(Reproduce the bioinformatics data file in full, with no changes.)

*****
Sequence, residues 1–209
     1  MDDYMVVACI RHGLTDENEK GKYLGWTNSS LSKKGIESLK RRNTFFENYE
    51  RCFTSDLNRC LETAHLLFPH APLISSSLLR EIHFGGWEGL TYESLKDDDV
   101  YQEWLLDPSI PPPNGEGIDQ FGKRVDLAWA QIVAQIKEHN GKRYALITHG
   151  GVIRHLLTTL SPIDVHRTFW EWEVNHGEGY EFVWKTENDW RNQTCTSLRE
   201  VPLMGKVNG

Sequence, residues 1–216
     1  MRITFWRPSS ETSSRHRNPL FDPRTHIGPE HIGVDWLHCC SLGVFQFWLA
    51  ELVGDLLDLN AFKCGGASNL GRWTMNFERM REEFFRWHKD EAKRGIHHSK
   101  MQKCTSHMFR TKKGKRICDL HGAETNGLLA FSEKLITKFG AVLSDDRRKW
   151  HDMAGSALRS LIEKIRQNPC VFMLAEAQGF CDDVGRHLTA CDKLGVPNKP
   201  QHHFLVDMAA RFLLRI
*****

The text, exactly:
Sequence, residues 1–209
     1  MDDYMVVACI RHGLTDENEK GKYLGWTNSS LSKKGIESLK RRNTFFENYE
    51  RCFTSDLNRC LETAHLLFPH APLISSSLLR EIHFGGWEGL TYESLKDDDV
   101  YQEWLLDPSI PPPNGEGIDQ FGKRVDLAWA QIVAQIKEHN GKRYALITHG
   151  GVIRHLLTTL SPIDVHRTFW EWEVNHGEGY EFVWKTENDW RNQTCTSLRE
   201  VPLMGKVNG

Sequence, residues 1–216
     1  MRITFWRPSS ETSSRHRNPL FDPRTHIGPE HIGVDWLHCC SLGVFQFWLA
    51  ELVGDLLDLN AFKCGGASNL GRWTMNFERM REEFFRWHKD EAKRGIHHSK
   101  MQKCTSHMFR TKKGKRICDL HGAETNGLLA FSEKLITKFG AVLSDDRRKW
   151  HDMAGSALRS LIEKIRQNPC VFMLAEAQGF CDDVGRHLTA CDKLGVPNKP
   201  QHHFLVDMAA RFLLRI